The recent announcement of the discovery of a dog-fox hybrid, the so-called “dogxim,” was strange and adorable and a little otherworldly. But scientists warn that such crossbreeds are generally evidence of nature going awry under pressures created by humans.
As agriculture and other forms of human development encroach on natural areas, wild and domesticated animals (not to mention people and their automobiles) are frequently coming into close contact with each other.
In the case of dogxim, the medium-sized animal was hit by a car in Vacaria in Southern Brazil, a small city of about 66,000. Vacaria is surrounded by rugged farm fields and patches of forest, and four different species of canids live in the area, the Rio Grande do Sul State.
Upon inspection, an academic team from two different local universities determined that the animal was a hybrid between a domestic dog (Canis lupus familiaris) and the sandy-coated pampas fox (Lycalopex gymnocercus).
The hybrid had dark, coal-colored fur, large, pointed ears, and refused to eat dog food. Although it barked like a dog, it preferred to eat rats and at one point climbed a bush in its enclosure, a fox-like behavior.
Can Foxes Breed With Dogs?
The odds are stacked against such a crossing ever occurring, which may explain why examples of hybrids are so rare, and dogxim is the only one ever confirmed by modern science. Dogs and foxes belong to not just separate species but separate genera and have different numbers of chromosomes.
Two zoo directors from years gone by, from the 19th and early 20th Centuries, claimed to have crossed a fox and a dog. But those cases never received the same scrutiny as dogxim.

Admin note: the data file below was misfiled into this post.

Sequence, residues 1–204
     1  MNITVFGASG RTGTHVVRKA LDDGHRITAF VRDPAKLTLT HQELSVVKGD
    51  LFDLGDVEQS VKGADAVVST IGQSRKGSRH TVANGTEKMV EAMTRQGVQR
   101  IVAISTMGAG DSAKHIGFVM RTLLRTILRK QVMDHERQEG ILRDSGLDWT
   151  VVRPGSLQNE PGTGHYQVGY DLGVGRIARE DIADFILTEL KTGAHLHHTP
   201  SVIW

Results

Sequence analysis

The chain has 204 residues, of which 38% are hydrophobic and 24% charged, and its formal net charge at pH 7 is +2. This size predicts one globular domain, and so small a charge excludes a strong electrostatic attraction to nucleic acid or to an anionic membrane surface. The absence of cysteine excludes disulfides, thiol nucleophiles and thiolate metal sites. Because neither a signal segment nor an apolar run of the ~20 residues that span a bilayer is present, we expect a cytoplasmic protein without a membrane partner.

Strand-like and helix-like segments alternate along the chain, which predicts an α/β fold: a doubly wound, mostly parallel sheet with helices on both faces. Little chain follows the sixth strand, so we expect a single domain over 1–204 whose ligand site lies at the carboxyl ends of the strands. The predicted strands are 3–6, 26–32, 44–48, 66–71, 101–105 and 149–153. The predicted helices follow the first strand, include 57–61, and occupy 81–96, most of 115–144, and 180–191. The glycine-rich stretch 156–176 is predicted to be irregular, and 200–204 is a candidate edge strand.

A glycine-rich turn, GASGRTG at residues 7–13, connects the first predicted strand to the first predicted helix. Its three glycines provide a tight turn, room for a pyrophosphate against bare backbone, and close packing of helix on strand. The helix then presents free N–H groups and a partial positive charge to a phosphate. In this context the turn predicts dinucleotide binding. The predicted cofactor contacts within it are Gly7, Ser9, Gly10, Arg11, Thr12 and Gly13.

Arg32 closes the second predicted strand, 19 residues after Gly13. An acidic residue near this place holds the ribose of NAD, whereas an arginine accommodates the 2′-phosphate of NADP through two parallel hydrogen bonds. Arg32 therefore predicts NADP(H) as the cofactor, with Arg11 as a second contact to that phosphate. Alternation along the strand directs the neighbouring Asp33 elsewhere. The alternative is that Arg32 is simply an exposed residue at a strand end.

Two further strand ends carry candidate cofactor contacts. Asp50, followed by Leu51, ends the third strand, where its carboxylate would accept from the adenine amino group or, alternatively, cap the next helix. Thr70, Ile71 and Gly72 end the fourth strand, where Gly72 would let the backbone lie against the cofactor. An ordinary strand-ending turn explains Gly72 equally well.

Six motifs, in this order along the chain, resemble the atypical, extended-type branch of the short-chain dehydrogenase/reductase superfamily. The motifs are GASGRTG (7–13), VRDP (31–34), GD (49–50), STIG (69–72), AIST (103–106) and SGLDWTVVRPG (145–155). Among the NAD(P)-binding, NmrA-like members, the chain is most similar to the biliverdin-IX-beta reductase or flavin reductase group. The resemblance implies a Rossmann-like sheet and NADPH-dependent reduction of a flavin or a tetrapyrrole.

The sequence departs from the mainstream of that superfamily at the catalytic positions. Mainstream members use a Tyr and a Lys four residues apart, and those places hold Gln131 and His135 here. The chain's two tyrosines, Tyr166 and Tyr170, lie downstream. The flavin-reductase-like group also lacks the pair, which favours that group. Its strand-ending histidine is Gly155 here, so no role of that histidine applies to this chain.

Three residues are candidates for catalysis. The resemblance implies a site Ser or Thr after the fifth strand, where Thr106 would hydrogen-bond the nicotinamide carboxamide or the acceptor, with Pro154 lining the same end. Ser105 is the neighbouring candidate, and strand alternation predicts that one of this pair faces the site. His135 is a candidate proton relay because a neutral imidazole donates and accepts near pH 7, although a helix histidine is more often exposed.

What Are the Characteristics of the Hybrid Dog-Fox?
Genetic testing found that the hybrid had 76 chromosomes, halfway between the dog’s 78 and the pampas fox’s 74. Overall, the rare mixing of animals from two different genera resulted in a genetic interweaving of the two species, which had diverged from a common ancestor some 6.7 million years ago.
Hybrids are often fantastical to consider, such as ligers (a lion-tiger cross) or wholphins (dolphin and killer whale), but they tend to result from some sort of human influence, scientists say, and they typically do more harm to the species involved than good.
Dogxim’s Unique Traits
In dogxim’s case, the animal was born with a coat poorly suited to its environment, according to the team’s paper. It may also have been born infertile and susceptible to a host of canine diseases, such as parvovirus, distemper, and brucellosis. (Information about Dogxim’s fertility was never released publicly before she died in a conservation facility in early 2022.)
“Hybridization between species with different evolutionary trajectories can be a powerful threat to wildlife conservation,” the paper said.
The Effects of Animal Hybridization
While some hybrids go on to outperform the original species, many others suffer from abnormalities or from the blotting out of useful DNA evolved over centuries.
A 2022 report quantified the effects of hybridization by reviewing 115 studies and found that 49 percent of the effects described therein were negative and only 13 percent counted as positive. The study also found that hybridization was surprisingly common and had affected 25 percent of plant species and 10 percent of animal ones.
The downsides of hybridization included “outbreeding depression” in which hybrid individuals are born, as in dogxim’s case, lacking in one or more important adaptations. Should one of those hybrids then go and breed with a member of a wild population, the damage is even greater.
Hybrids can also introduce reproductive issues to wild groups, as when interbreeding injected fin whale DNA into blue whale populations and slowed their reproduction.
As for the breeding of dogxim – the only confirmed dog-fox hybrid in history – how much damage could have been done to the local fox population?
“So far, we have no scientific evidence that there are other hybrids in this region,” researcher Bruna Szynwelski of Universidade Federal do Rio Grande do Sul told Newsweek. “However, we suspect that this case we have described is not the only one.”